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David Geller

David Geller: Left Behind




David Geller: Left Behind

How to handle watch repairs and those not picked up.


Published in the July 2013 issue.

In January, I wrote about how to handle abandoned jewelry repairs. Now, let’s chat about watches that have been left behind. The poor watchmaker. He has to open up the watch to see what’s wrong. That takes time. Sometimes he has to actually clean the watch to see what’s wrong before he can give a quote. That takes time. In some instances he must order a part to find out the cost and return it if your customer doesn’t want it repaired. That takes time.

We haven’t even mentioned how many phone calls you make to the customer to give him information.


When taking in a watch for an estimate to repair, ask for a $20 deposit. Apply it to the repair or return it if the customer picks up a non-repaired watch.

After a year if you’ve done your due diligence with certified mailings and contacting the customer and he still hasn’t picked up the watch let’s now talk about what you can do:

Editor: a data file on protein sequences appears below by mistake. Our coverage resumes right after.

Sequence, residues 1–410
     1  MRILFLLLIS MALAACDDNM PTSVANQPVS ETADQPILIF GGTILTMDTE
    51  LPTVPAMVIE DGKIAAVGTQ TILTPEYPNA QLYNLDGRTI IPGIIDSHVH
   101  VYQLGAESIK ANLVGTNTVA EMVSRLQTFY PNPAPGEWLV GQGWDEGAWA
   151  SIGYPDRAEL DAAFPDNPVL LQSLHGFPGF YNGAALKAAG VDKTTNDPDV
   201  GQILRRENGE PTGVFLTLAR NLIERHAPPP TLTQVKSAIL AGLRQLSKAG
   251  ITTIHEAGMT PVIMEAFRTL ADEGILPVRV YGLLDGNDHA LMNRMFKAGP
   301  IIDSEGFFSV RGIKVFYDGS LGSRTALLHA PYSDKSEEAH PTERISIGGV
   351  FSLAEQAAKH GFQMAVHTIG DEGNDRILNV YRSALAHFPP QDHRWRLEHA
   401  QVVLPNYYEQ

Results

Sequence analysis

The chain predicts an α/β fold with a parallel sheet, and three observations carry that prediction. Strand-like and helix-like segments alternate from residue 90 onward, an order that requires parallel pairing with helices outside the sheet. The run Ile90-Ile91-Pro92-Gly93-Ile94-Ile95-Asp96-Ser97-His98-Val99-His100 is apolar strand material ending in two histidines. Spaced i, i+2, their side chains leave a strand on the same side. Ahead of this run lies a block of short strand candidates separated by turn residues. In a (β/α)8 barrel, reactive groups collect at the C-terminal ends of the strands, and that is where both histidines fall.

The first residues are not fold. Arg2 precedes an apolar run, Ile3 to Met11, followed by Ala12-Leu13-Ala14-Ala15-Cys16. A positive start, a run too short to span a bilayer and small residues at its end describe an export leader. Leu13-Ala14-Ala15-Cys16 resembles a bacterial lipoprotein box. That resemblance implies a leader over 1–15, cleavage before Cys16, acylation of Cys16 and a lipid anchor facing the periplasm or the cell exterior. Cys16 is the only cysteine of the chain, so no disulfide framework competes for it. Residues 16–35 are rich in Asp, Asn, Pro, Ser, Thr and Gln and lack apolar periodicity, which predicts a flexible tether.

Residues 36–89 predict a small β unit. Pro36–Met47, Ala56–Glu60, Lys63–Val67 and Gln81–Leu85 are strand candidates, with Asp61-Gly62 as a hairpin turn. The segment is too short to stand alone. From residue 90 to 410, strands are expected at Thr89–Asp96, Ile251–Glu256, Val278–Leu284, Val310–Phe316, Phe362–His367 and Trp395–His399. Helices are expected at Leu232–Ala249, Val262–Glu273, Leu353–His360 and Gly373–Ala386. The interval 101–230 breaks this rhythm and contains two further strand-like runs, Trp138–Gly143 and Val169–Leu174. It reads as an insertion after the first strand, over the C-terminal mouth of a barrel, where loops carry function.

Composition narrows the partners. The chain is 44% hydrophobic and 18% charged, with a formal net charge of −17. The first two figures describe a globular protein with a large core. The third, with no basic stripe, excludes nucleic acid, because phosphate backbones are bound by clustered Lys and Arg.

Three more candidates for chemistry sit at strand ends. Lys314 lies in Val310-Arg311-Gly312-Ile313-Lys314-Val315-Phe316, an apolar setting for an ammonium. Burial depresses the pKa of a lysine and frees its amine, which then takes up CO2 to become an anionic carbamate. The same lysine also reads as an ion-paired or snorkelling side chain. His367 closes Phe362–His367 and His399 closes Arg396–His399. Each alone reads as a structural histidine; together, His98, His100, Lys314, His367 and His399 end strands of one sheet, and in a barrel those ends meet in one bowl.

Buy two small picture frames and foam from a craft store.
Take apart a mechanical watch and a battery-operated watch and spread the guts out nicely on the foam and put them into the frames. It’s important to show all parts separate. Lots of them.
Include a metal watch bracelet with some disassembled links to show worn rivets and maybe a worn clasp.
Use these to show a customer why it costs what it does to fix a watch: “Look at how many parts have to come apart!”


If you have some repaired watches that no one ever picked up loan them out to customers who leave their watches for repair. “Do you need a loaner watch while we get an estimate on yours? We have several.” (Note on the envelope that you loaned them a watch.)

Some stores give away batteries for free. If that’s your plan, fine, but be sure to book any invoices for batteries to advertising expenses.

Why not try charging, though?


We charged $8 for a battery that we would guarantee for one year and $15 for a battery we would guarantee for five years. The difference in the batteries? $7. We didn’t guarantee that battery would last; we guaranteed if it didn’t we’d give you another battery.

What happened?

Our average battery sale went from $5 to $12! Almost a 2.5 times increase in battery income.

Sixty-three percent of customers chose the five-year $15 battery over the one-year $8 battery, and no one walked because batteries started at $8.

Although we replaced batteries that didn’t last the five years, we were still way ahead of the game. Try it and you’ll be surprised. And don’t tell me, “Heck, the battery only cost 35 cents!” You’re dead wrong. You have to pay someone to install it. Our jewelers got paid $2.08 to install a 35-cent battery.

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